Arman, actually Armand Pierre Fernandez (November 17, 1928 in Nice, France – October 22, 2005 in New York, NY) was an object artist and co-founder of the Nouveau Réalisme.
From a printing error on the invitation cards to an exhibition, he accepted the artist name Arman (without the final “d”) in 1958.
Arman attended the “Lycée du Parc impérial” in Nice, where he completed his school education in 1946 with the Baccalauréat (philosophy and mathematics).
In the same year he studied at the École Nationale des Arts Décoratifs in Nice until 1949.
In a judok club he met Yves Klein in 1947. Like Klein, he was interested in Buddhism, the mystery of the Rosary and astrology.
With the aim to become the auctioneer, he studied in 1949 for two years at the École du Louvre in Paris. At the same time, he devoted himself to painting and created paintings inspired by Surrealism.
The encounter with the art critic Pierre Restany in 1951 gave him a decisive influence on his further artistic career.
In 1952 Arman completed his military service in the Indochinakrieg.
In 1957 he traveled through Turkey and Afghanistan, in 1958 through Iran.
In 1959, Arman abandoned painting (which he was to turn back to in 1988) and experimented with his first allures d’objets (prints of colored objects on canvas and paper) and the contents of garbage cans and paper baskets, from which, from 1959, the first Poubelles Above.
The accumulations of identical objects he called accumulations.
On October 23, 1960, the artist came to fame as a result of the scandal that had arisen on the occasion of his exhibition “Le Plein” at Galerie Iris Clert.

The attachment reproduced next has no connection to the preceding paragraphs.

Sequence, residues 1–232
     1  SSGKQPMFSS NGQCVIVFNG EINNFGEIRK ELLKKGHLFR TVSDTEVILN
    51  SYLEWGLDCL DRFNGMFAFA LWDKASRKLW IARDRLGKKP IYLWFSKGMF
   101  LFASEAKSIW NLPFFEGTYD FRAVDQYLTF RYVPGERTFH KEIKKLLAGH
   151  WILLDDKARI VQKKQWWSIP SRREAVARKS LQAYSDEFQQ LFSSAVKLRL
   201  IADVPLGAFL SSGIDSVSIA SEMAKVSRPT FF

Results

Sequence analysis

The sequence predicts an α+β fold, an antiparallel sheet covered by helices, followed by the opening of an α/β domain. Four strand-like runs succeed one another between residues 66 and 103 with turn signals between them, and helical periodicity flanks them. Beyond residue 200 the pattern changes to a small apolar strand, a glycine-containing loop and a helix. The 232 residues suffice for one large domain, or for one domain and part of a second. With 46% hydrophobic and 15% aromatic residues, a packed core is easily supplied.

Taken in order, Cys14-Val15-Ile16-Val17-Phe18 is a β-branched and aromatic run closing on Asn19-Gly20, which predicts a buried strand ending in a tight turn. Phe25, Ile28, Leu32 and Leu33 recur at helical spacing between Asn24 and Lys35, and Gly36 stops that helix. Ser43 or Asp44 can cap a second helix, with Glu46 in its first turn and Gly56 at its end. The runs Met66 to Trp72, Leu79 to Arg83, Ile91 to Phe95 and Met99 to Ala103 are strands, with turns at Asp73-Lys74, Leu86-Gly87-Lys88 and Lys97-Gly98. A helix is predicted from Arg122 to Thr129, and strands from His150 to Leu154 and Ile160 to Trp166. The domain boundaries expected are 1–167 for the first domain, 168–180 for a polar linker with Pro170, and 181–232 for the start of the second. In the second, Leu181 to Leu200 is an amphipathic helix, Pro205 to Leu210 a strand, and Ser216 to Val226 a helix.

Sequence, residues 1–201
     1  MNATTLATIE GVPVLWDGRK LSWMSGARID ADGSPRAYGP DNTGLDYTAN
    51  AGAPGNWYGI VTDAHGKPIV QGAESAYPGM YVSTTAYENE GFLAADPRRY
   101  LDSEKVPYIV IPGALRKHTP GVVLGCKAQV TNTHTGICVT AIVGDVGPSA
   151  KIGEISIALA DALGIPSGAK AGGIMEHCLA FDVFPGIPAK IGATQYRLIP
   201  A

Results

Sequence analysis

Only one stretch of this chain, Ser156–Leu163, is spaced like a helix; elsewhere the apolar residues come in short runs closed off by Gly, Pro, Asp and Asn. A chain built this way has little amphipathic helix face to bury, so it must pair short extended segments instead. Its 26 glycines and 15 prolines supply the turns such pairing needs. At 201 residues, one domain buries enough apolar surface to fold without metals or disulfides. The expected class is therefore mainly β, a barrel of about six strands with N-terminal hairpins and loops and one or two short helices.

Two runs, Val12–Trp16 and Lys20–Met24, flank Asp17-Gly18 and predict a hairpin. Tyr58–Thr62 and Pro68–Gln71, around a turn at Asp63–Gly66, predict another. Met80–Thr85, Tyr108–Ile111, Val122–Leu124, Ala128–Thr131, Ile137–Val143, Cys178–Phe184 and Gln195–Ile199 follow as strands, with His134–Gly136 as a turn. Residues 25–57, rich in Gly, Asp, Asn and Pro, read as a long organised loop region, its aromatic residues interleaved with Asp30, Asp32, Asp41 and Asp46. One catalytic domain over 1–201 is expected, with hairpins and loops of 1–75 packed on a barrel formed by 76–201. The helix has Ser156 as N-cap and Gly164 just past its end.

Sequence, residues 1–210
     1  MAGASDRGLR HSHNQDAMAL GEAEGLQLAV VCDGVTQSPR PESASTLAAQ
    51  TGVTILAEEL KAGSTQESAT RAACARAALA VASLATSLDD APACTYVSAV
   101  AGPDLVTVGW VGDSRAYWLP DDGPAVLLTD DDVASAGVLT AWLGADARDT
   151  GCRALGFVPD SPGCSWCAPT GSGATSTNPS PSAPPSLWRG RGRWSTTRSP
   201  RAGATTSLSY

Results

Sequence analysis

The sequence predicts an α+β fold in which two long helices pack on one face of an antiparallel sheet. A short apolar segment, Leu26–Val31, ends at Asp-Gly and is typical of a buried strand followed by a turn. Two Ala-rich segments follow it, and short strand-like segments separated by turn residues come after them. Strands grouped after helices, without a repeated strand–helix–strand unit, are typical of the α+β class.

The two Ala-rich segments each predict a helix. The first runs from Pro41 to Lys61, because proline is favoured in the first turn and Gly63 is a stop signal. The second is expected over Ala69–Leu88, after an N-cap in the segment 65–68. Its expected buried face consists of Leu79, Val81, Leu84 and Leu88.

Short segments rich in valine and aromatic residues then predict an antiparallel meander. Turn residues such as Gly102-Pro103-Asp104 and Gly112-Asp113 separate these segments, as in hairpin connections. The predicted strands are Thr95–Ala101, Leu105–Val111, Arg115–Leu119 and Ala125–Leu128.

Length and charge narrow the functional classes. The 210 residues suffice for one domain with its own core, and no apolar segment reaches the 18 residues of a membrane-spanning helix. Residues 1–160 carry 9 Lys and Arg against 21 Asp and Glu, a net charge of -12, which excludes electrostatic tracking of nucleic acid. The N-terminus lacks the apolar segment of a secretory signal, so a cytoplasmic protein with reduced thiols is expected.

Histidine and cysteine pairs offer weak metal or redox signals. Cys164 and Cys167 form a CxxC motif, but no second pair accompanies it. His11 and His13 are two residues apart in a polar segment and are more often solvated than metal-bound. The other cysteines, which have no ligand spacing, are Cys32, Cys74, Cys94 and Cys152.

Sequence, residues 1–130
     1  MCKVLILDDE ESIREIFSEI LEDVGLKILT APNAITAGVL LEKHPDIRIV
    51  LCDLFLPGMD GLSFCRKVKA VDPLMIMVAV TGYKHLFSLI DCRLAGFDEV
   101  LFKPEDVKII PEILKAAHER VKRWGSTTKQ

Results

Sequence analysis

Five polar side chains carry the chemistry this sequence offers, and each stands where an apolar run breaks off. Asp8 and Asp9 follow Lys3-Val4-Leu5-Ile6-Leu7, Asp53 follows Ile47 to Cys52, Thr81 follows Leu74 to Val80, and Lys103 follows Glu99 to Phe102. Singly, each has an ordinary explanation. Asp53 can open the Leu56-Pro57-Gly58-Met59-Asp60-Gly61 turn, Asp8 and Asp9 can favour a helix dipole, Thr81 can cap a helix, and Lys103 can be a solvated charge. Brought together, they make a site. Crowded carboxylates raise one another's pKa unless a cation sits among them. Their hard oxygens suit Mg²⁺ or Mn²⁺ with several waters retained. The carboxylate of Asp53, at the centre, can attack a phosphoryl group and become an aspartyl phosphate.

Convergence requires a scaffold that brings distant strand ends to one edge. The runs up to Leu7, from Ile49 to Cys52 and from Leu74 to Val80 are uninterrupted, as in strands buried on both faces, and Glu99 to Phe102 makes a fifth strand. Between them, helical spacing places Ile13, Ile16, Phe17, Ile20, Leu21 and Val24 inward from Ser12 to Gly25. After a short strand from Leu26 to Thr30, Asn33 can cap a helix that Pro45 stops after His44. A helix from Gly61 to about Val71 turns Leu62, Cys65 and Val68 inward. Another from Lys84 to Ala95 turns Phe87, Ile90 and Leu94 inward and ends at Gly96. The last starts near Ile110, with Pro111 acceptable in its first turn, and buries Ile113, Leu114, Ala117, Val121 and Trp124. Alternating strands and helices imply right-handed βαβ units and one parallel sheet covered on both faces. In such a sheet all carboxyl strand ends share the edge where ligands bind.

Inspired by the exhibition of Yves Klein, who had a gallery cleared, the walls painted white and the empty room illuminated with a bluish light.
Arman responded in his exhibition with filling the gallery with trash.
One of the most important events in Arman’s career was a few days later, on October 27, 1960, in Yves Klein’s Parisian apartment, the founding of Les Nouveaux Réalistes movement by Pierre Restany.
In 1961 Arman realized the first colères (tantrums), actions in which objects such as violins or contrabasses were smashed.
In 1963 he expanded the concept of the colères, beginning to cut objects (coupes) and blow up with dynamite (combustions) and the remains.
Since 1964, the inclusions, accumulated in polyester, accumulated, since 1970 “invisible”, because injected concrete items.
Arman turned to painting again in 1988.

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